PwC’s plans to hire more than 1,000 new tech specialists to address cyber security concerns


Mark Skilton, a Professor of Practice at Warwick Business School and an expert on cyber security, has commented on the uptake by PwC. Professor Skilton said “the area of risk and cyber threats is particularly attractive to consultancies at the moment with three major trends requiring advisory support and solutions.

Click to read a report: PwC’s Global Economic Crime Survey 2016 (Malaysia report)

“Firstly, the rapid increase in cyber-attacks and the need for the board and organisations to invest better in protection and management systems.

“Secondly there is an increasing demand for innovation and agile solutions from companies seeing new ways to compete in the market. Digital disruption is changing customer experience: customers are increasingly 24/7 and always online with mobile devices and mobile apps connected.

“This is changing how and what companies need to have in place to deliver their products and services either directly or indirectly online and off line. Companies may not fully understand the changing risks and issues this new technology and the customer behaviour involved in using these tech solutions will have on their business bottom line as well as how the risks and threats change.

“Thirdly, this is driving the rise of what Gartner call, ‘bimodal IT’ where there is an increasing use of agile innovative prototyping and flexible customer and operating model solutions, but, at the same time, there remains the existing legacy systems and IT portfolio management that needs to be kept stable and managed.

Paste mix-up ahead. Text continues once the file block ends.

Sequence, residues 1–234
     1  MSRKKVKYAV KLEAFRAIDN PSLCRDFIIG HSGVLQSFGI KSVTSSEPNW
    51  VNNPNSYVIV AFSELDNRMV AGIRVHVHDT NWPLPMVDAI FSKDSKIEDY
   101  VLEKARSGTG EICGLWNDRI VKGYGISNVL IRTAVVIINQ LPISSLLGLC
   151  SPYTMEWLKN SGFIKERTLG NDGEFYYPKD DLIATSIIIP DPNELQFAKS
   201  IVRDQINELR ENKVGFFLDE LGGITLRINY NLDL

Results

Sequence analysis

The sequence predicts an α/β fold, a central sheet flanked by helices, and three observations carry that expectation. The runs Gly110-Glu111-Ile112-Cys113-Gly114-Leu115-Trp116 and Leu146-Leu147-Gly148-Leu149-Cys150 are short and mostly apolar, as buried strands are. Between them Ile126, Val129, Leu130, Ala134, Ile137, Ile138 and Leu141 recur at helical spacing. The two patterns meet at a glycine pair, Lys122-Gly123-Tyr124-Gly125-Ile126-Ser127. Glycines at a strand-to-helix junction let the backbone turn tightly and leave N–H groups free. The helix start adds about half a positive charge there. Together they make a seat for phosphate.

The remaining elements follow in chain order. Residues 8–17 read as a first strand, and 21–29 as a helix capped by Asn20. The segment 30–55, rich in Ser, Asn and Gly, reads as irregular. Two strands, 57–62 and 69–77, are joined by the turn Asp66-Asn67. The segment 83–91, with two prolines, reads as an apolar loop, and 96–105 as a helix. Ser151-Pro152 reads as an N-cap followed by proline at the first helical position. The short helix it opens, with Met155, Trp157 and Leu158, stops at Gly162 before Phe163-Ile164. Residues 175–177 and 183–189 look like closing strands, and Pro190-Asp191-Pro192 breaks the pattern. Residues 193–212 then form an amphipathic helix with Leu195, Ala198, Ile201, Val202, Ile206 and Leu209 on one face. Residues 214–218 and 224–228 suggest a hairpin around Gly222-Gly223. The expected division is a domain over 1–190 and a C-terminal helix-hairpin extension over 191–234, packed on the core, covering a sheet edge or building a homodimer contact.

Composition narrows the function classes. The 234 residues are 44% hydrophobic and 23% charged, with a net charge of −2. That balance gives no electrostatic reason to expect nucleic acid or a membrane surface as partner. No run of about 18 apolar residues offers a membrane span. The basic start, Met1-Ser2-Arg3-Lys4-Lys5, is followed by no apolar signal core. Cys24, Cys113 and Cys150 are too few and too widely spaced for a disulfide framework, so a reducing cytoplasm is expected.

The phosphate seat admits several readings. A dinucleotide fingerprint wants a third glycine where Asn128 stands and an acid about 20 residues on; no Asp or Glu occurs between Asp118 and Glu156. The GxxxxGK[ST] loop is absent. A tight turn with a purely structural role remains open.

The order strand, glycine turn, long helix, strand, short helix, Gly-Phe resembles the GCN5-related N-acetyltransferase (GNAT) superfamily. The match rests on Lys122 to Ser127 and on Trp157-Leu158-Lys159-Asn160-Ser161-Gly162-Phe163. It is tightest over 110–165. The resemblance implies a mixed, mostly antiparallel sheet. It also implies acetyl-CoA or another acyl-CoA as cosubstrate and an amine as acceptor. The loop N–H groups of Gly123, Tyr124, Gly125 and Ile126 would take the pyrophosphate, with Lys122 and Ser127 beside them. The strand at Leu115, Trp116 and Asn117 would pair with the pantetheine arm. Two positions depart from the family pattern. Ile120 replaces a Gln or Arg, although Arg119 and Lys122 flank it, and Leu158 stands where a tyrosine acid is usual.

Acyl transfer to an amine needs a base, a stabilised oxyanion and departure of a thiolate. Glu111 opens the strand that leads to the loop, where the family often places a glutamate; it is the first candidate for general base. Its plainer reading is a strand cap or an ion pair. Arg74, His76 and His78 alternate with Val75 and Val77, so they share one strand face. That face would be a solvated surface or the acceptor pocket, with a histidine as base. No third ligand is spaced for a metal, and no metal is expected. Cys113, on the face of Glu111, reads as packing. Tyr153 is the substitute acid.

“This creates a paradox in the need to change the IT while at the same time retaining a sense of control and robust delivery. This is further changing the risk profile of organisations and the need to navigate through enabling both worlds.

“Consultancies have always operated in the risk advisory space, but this is likely to evolve into becoming an integrated offering across all consulting services rather than an add-on called ‘digital trust’ or something the actuaries and so called risk partners offer as a due diligences oversight service.

“The more enlightened consulting offerings will need to work end-to-end and integrate with trust and cyber risk to deliver the Enterprise Risk Management (ERM) and the Security Information & Event Management (SIEM) services that are truly 21st century and fit for purpose.”